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Publishing: A Dying Industry?

For this issue we decided to dive into the culture of the book and publishing industry rather than that of an English speaking country. We, Hanne and James, decided to interview Jorine – someone who has worked in publishing for years – to hear what her thoughts were on the impact of the crisis, the introduced eBooks, and what the actual cause is of the decline in this branch.

As with most declines of businesses, it all started with the notorious crisis we hear about on nearly a daily basis. The first crisis hit in 2008 and at first it seemed as if the book industry was not affected by it. People spent less money on holidays, cars, and other luxury items. They would go on cheaper holidays for example. Books were not considered to be a luxury item so people still bought books regularly. Sometime in 2010 it, unfortunately, did hit the book industry.

People tend to think that the decline has to do with the introduced eBooks but this is not the case we hear. In 2010 more and more people spent their free time on social media such as Facebook and Twitter (though Facebook has been around since 2006, it has really taken off in the last 3-4 years). According to Jorine, it only got worse as the iPad was introduced. People would not grab a book in their spare time anymore – they would go on Facebook, or play Wordfeud, Angry Birds or any other game that was available within arm’s reach on that clever device. It escalated. The book industry was now facing a completely new and unknown competition without knowing how to compete with it on the leisure market. Sales went down with a few percent, but it had a huge impact on the Dutch book industry.

With the introduction of items such as the eReader and iPads more people started reading eBooks. The number of eBooks sold increased considerably as the eReaders became more affordable too. Many people also downloaded illegal versions of the books and that is something which cannot be stopped. In the Netherlands it was not considered worthwile to invest in protecting the digital content as it would be hacked in no time anyway – people will find a way to do it. Even older generations are using eBooks which had an impact on the book industry as well as they are a large chunk of the readership.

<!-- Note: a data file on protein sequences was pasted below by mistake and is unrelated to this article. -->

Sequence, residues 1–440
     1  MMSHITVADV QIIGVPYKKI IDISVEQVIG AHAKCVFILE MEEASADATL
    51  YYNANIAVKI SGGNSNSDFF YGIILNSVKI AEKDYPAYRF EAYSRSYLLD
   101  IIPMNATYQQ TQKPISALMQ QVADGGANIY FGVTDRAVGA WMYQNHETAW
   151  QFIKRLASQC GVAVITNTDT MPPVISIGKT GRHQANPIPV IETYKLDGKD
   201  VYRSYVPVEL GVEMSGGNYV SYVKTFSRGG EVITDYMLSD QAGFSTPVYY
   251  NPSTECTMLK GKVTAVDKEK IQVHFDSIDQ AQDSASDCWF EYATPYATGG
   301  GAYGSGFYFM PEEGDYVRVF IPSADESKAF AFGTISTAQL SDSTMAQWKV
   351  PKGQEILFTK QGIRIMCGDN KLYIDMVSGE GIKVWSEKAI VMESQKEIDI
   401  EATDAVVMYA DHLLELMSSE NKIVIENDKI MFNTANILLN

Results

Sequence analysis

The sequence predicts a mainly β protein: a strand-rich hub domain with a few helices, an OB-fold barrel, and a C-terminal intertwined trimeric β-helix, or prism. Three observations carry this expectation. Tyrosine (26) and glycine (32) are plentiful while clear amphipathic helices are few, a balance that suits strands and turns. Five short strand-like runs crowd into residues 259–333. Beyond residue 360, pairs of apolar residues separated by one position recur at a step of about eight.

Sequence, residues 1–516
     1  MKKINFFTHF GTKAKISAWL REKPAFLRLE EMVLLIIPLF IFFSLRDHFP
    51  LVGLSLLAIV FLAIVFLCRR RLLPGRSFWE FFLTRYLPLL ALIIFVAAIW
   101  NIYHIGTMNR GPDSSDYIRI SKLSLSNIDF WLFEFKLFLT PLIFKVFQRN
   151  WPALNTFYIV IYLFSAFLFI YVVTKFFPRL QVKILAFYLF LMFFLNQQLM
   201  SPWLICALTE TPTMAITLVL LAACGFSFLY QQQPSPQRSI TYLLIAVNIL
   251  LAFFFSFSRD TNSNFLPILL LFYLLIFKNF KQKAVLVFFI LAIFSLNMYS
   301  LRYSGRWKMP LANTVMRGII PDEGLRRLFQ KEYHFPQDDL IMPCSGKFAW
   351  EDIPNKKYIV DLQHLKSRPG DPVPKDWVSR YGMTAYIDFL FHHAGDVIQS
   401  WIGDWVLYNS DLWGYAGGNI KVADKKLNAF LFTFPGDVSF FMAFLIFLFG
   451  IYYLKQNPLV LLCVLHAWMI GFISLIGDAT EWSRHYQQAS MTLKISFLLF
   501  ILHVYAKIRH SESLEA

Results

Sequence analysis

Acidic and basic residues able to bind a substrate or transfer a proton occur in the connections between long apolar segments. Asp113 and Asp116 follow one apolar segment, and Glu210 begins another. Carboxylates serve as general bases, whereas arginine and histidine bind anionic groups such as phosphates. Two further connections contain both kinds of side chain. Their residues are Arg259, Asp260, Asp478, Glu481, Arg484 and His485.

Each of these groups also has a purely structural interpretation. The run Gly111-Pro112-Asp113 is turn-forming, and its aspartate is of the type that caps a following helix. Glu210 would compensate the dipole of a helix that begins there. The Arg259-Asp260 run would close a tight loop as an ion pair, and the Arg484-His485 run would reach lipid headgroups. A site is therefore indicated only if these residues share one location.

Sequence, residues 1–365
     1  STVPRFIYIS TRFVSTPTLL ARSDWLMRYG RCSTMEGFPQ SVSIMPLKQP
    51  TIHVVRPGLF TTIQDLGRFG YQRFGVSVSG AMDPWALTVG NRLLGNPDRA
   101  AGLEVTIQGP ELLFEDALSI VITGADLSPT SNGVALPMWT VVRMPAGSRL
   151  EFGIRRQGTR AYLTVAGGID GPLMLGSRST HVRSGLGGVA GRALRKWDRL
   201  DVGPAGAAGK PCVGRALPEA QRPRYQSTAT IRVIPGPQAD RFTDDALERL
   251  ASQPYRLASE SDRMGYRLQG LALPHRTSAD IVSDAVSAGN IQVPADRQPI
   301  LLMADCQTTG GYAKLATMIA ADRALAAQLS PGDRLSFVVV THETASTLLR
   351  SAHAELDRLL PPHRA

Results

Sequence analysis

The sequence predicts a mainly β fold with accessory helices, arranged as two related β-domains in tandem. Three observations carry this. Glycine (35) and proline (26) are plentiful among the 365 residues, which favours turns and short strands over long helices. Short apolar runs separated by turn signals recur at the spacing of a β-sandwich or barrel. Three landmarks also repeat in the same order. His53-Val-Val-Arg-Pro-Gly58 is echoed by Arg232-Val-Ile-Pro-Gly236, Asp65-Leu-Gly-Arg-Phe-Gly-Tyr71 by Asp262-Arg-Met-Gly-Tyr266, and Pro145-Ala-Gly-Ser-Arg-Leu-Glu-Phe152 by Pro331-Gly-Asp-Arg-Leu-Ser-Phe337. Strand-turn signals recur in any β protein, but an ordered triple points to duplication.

When the eBooks first came out, publishers decided to only deduct the costs that are needed in making a physical book (printing, binding, and paper). In essence these costs are quite low and are usually around €5,-. If the book itself then costs €20, the eBook would cost €15. But who would pay €15 for a PDF file?! These are the prices the first eBooks were sold for – many customers were lost this way as they would simply download an illegal version. No matter how cheap you make it after this point, those customers are lost forever as they already found a way to get the books for free.

Another change in the industry was that not as many books were ordered and bought by the bookstores at the trading fairs1. At a trading fair, the publishers show which books they have to offer and bookstores order a certain amount of the books they are interested in, or they believe their customers would be interested in. Jorine tells us it is an oldfashioned and cumbersome system which has not been able to develop with modern times. Whereas some 10 years ago bookstores would order larger quantities of books they are more careful now and will only order a few copies of even lesser titles. Bookstores also have the possibility to return the books which were not sold, creating further instability for the publishers as they cannot say beforehand how much money they will be making from that initial sale. It is getting too expensive for the publishers to print many different books as they do not know whether or not it will be sold at all. Because the number of books they can offer gets quite limited this way, they are bound to sell only bestsellers. Very many new titles are discarded due to this new way of looking at books, as they are not deemed profitable.